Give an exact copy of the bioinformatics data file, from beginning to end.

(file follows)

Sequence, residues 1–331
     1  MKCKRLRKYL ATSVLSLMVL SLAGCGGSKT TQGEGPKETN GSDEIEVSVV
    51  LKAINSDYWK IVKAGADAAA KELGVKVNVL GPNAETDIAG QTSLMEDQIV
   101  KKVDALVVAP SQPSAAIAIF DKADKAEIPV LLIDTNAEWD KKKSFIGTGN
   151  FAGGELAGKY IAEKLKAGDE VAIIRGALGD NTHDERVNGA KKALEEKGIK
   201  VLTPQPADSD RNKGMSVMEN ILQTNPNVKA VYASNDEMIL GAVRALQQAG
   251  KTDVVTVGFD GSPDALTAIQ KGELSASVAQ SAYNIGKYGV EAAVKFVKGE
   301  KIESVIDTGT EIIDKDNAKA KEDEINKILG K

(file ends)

Sequence, residues 1–331
     1  MKCKRLRKYL ATSVLSLMVL SLAGCGGSKT TQGEGPKETN GSDEIEVSVV
    51  LKAINSDYWK IVKAGADAAA KELGVKVNVL GPNAETDIAG QTSLMEDQIV
   101  KKVDALVVAP SQPSAAIAIF DKADKAEIPV LLIDTNAEWD KKKSFIGTGN
   151  FAGGELAGKY IAEKLKAGDE VAIIRGALGD NTHDERVNGA KKALEEKGIK
   201  VLTPQPADSD RNKGMSVMEN ILQTNPNVKA VYASNDEMIL GAVRALQQAG
   251  KTDVVTVGFD GSPDALTAIQ KGELSASVAQ SAYNIGKYGV EAAVKFVKGE
   301  KIESVIDTGT EIIDKDNAKA KEDEINKILG K